Mark Busch RV Q&A: Do I Need a Security Guard?

Want access to MHCO content?

For complete access to forms, conference presentations, community updates and MHCO columns, log in to your account or register.

August 21, 2014

Our RV park has had problems with theft and the occasional physical confrontation between tenants and/or tenant’s guests.  Under Oregon law, what minimum level of security do we owe to our RV tenants?  Do we need to hire a security guard?

Answer: The basic rule is that a landlord is required to provide an RV park that is “kept in every part safe for normal and reasonably foreseeable uses.”  Practically speaking, this means that if you know about a particular danger or threat of danger, as a landlord you must take reasonable steps to reduce or eliminate that danger.

The real question of course is what are the “reasonable steps” to take?  At the basic level, you should make sure that you have adequate lighting that is well-maintained to illuminate the park streets at night (i.e., replace those burned out bulbs).  Your resident manager should also conduct several walk-throughs throughout the day, preferably in the early morning and evening hours to note any problems.  If you have a perimeter fence around your park, make sure that it is kept in good repair and that entrance gates are working and secure.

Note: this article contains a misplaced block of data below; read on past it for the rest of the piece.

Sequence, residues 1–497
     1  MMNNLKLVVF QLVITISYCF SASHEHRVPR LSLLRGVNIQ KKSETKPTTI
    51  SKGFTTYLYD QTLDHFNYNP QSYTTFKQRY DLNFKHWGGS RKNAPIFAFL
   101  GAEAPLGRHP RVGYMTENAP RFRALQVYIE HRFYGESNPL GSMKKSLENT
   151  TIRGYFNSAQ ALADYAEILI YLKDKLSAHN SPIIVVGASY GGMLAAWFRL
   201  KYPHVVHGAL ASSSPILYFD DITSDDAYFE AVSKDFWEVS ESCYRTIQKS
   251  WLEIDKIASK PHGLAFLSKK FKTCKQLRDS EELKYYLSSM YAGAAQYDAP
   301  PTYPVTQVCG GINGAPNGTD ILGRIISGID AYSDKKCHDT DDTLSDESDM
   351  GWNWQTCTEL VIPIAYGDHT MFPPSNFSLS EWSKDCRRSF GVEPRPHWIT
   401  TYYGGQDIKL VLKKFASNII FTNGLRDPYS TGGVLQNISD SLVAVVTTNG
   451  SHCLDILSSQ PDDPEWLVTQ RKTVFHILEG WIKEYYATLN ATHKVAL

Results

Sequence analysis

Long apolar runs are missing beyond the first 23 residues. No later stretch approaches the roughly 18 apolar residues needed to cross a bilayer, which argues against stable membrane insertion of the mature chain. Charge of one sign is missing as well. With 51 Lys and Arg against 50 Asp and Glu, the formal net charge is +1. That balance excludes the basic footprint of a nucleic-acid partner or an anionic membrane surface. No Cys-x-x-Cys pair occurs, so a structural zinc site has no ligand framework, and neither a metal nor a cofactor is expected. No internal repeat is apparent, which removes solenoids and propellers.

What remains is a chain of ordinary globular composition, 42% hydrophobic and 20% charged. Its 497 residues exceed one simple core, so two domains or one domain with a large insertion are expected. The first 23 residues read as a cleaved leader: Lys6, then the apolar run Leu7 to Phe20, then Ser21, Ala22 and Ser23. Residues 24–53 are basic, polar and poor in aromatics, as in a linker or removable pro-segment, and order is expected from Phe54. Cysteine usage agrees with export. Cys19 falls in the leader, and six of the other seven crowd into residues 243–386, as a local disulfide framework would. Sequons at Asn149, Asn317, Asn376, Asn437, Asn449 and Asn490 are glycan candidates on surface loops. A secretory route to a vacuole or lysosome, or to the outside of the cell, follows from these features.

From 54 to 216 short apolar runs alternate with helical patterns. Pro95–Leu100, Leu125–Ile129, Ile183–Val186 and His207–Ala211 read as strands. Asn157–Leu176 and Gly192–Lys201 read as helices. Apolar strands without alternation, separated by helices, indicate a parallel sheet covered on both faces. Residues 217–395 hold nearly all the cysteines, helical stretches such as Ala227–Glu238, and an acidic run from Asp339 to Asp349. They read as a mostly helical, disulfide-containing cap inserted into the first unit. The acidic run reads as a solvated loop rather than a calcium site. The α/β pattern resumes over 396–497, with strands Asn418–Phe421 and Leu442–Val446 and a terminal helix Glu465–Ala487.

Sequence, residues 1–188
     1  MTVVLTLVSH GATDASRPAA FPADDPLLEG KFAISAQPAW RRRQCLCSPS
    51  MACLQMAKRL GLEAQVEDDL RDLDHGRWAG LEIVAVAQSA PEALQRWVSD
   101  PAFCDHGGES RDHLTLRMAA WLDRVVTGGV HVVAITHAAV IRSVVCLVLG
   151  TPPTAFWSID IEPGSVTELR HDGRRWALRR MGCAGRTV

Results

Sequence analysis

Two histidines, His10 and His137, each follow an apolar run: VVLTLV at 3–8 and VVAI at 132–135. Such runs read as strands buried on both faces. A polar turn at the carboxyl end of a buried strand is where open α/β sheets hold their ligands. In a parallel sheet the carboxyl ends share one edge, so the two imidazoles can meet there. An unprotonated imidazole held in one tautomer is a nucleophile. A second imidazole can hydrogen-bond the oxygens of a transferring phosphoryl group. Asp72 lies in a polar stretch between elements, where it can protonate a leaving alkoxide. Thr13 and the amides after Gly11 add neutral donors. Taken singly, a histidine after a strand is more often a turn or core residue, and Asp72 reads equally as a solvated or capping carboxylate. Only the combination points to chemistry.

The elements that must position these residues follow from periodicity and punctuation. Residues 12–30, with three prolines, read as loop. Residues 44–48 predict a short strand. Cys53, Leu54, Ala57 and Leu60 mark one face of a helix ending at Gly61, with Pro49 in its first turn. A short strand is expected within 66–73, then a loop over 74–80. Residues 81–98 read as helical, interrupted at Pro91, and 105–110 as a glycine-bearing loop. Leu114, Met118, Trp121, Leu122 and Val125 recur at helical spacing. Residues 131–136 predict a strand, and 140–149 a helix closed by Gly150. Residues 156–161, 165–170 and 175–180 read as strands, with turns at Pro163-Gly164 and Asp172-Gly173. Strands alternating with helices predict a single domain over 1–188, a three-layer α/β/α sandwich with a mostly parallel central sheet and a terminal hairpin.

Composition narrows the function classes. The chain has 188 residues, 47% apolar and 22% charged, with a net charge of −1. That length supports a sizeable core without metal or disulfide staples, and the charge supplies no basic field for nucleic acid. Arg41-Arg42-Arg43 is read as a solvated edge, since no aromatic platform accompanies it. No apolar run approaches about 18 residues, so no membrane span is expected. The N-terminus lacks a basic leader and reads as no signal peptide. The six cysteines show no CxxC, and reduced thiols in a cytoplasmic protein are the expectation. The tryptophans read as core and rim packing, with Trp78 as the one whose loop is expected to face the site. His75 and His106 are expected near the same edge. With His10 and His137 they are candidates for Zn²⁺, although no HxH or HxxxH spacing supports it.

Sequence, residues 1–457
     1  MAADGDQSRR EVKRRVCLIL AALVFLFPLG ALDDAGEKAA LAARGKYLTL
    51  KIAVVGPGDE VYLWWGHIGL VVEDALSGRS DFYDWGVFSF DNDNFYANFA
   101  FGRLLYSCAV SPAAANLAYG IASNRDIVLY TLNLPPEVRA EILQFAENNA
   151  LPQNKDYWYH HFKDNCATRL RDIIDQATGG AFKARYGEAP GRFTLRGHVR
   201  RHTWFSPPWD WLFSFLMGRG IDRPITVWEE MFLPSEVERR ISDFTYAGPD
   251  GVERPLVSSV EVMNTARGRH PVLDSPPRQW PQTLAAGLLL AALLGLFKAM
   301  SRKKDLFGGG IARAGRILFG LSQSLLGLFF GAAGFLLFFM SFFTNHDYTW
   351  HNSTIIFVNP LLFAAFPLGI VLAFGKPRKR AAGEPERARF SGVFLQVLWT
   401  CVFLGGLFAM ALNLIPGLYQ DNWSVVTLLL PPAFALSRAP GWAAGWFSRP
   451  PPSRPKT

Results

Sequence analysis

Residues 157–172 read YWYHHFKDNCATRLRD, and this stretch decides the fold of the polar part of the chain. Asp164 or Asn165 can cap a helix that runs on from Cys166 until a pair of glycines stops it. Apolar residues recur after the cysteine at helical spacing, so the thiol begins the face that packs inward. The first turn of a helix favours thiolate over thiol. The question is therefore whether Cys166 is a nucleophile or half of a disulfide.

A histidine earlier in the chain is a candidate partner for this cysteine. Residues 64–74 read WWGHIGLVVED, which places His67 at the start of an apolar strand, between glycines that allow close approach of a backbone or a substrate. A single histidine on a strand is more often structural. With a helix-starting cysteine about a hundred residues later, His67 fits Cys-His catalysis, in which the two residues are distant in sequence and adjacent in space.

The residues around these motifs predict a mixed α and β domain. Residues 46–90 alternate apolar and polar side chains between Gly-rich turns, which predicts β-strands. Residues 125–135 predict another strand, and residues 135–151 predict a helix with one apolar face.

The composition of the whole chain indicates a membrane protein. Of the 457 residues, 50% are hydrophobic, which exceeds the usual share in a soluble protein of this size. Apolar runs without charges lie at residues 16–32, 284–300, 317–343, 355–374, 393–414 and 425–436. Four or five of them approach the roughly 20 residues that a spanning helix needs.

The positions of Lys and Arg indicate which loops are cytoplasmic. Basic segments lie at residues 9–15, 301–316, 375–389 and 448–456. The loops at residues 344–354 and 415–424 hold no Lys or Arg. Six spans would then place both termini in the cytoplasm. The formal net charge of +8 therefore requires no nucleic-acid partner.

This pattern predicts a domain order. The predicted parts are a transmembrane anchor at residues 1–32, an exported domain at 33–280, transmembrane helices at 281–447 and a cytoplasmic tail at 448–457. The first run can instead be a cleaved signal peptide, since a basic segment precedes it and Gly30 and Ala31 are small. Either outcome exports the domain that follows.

Part of the obligation to keep your park safe is to also promptly enforce all park rules with written warnings and/or eviction notices if necessary.  A good example would be an unauthorized occupant staying with one of your tenants who you have reason to suspect is involved in park thefts.  Even if you  don’t have solid proof of the thefts, you can rely on the fact that the person is not an authorized tenant and evict on that basis alone.  You should also immediately evict any particular tenant who is causing trouble.  (Hint:  Consider a simple no-cause eviction notice.)

If you’ve done all these things and are still having problems, do you have to hire a security guard?  Probably not, but it all depends on the circumstances.  The test is what is reasonable to eliminate or reduce the danger.  In some cases, that might mean installing security cameras if it would reduce thefts and it is financially reasonable (and in this day and age, security cameras are relatively inexpensive and easy to install).  In other cases, it might be reasonable to install a perimeter fence to keep out pedestrians cutting through the park (and helping themselves to tenants’ personal property).

In the end, you will be held to the standard of providing a reasonably safe park for your tenants.  If you know about a particular danger or potential danger, take immediate steps to reduce that danger.  While you can’t eliminate every threat, you can reduce your risk of liability by addressing foreseeable threats.